Africa fintech: How do pirates take payments?
In Africa, digital payments are still the future, not the present.
In 2009, the MV Maersk Alabama, a cargo ship travelling from Salalah in Oman to Mombasa in Kenya, was hijacked by Somali pirates a couple of hundred miles south east of the ancient port town of Eyl in Somalia.
Four pirates stormed the ship, eventually capturing the captain, taking him away in a life boat and demanding a ransom in exchange for his safe return. Inside the ship, there was $30,000 kept in a safe, which the pirates managed to seize.
A few days later, the US Navy came to the rescue, saved the captain, killed three of the pirates and took the fourth into custody. The cash, however, was never found. In 2013, the story was made into a film starring Tom Hanks that grossed $218.8 million.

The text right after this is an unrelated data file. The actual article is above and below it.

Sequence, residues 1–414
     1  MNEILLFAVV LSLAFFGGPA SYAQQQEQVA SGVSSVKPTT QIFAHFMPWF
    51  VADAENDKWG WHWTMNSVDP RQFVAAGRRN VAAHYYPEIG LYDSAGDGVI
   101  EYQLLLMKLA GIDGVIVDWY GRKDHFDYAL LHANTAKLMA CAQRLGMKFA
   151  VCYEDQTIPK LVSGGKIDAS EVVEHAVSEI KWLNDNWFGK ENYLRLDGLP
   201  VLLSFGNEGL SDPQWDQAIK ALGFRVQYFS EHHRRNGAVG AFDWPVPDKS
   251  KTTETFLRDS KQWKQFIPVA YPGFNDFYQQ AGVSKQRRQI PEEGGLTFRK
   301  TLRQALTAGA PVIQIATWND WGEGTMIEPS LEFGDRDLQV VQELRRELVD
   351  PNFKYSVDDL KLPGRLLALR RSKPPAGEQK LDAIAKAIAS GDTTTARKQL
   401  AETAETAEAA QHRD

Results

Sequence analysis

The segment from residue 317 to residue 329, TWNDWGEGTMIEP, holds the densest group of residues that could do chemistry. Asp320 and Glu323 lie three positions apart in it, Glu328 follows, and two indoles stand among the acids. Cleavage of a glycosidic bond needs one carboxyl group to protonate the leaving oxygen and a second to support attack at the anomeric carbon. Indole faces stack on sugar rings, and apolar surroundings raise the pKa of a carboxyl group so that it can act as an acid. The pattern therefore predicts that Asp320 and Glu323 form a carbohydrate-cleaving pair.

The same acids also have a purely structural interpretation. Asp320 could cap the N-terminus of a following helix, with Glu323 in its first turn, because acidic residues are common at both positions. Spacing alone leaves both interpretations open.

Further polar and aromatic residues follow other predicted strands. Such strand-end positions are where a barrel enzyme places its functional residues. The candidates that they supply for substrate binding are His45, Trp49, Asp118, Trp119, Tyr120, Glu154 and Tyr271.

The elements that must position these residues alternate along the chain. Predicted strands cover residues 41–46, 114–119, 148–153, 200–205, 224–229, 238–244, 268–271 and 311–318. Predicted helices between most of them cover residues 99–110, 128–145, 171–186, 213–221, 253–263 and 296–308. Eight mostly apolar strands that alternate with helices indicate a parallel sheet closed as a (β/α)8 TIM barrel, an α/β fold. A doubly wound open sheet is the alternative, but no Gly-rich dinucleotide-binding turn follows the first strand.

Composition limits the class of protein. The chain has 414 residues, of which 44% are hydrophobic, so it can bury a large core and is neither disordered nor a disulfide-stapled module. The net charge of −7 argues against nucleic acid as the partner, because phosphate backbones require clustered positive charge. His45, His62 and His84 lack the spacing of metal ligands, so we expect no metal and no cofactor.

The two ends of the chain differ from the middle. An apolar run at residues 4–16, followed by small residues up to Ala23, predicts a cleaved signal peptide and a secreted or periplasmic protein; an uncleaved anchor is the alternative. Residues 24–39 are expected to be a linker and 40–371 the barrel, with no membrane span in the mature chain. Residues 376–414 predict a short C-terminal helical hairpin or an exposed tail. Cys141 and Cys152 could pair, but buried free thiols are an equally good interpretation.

Today, however, pirates are more likely to demand a secure transfer to an offshore account than bother with looting a safe.
Africa in particular has leapfrogged the developed world’s reliance on cash in favour of mobile money. M-Pesa is the obvious example here, but many others exist: MTN Mobile Money, Orange Money and Tigo Cash, to name a few.